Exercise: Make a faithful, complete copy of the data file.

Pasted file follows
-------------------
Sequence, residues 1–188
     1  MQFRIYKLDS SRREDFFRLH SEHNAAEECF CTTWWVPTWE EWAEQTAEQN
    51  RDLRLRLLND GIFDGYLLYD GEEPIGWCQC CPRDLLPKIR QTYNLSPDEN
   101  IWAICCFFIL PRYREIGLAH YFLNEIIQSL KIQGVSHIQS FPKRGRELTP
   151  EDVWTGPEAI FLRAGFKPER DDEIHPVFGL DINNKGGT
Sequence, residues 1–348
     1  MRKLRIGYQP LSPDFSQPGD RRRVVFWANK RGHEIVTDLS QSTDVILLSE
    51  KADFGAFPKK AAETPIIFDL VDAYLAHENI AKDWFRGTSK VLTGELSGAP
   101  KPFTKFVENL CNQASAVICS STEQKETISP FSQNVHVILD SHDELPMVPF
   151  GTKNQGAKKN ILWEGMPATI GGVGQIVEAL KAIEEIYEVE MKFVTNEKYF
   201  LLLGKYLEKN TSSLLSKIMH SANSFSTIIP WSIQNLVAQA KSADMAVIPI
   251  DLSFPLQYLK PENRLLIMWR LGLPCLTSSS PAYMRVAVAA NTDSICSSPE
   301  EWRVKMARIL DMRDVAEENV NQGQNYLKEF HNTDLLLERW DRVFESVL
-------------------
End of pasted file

Sequence, residues 1–188
     1  MQFRIYKLDS SRREDFFRLH SEHNAAEECF CTTWWVPTWE EWAEQTAEQN
    51  RDLRLRLLND GIFDGYLLYD GEEPIGWCQC CPRDLLPKIR QTYNLSPDEN
   101  IWAICCFFIL PRYREIGLAH YFLNEIIQSL KIQGVSHIQS FPKRGRELTP
   151  EDVWTGPEAI FLRAGFKPER DDEIHPVFGL DINNKGGT
Sequence, residues 1–348
     1  MRKLRIGYQP LSPDFSQPGD RRRVVFWANK RGHEIVTDLS QSTDVILLSE
    51  KADFGAFPKK AAETPIIFDL VDAYLAHENI AKDWFRGTSK VLTGELSGAP
   101  KPFTKFVENL CNQASAVICS STEQKETISP FSQNVHVILD SHDELPMVPF
   151  GTKNQGAKKN ILWEGMPATI GGVGQIVEAL KAIEEIYEVE MKFVTNEKYF
   201  LLLGKYLEKN TSSLLSKIMH SANSFSTIIP WSIQNLVAQA KSADMAVIPI
   251  DLSFPLQYLK PENRLLIMWR LGLPCLTSSS PAYMRVAVAA NTDSICSSPE
   301  EWRVKMARIL DMRDVAEENV NQGQNYLKEF HNTDLLLERW DRVFESVL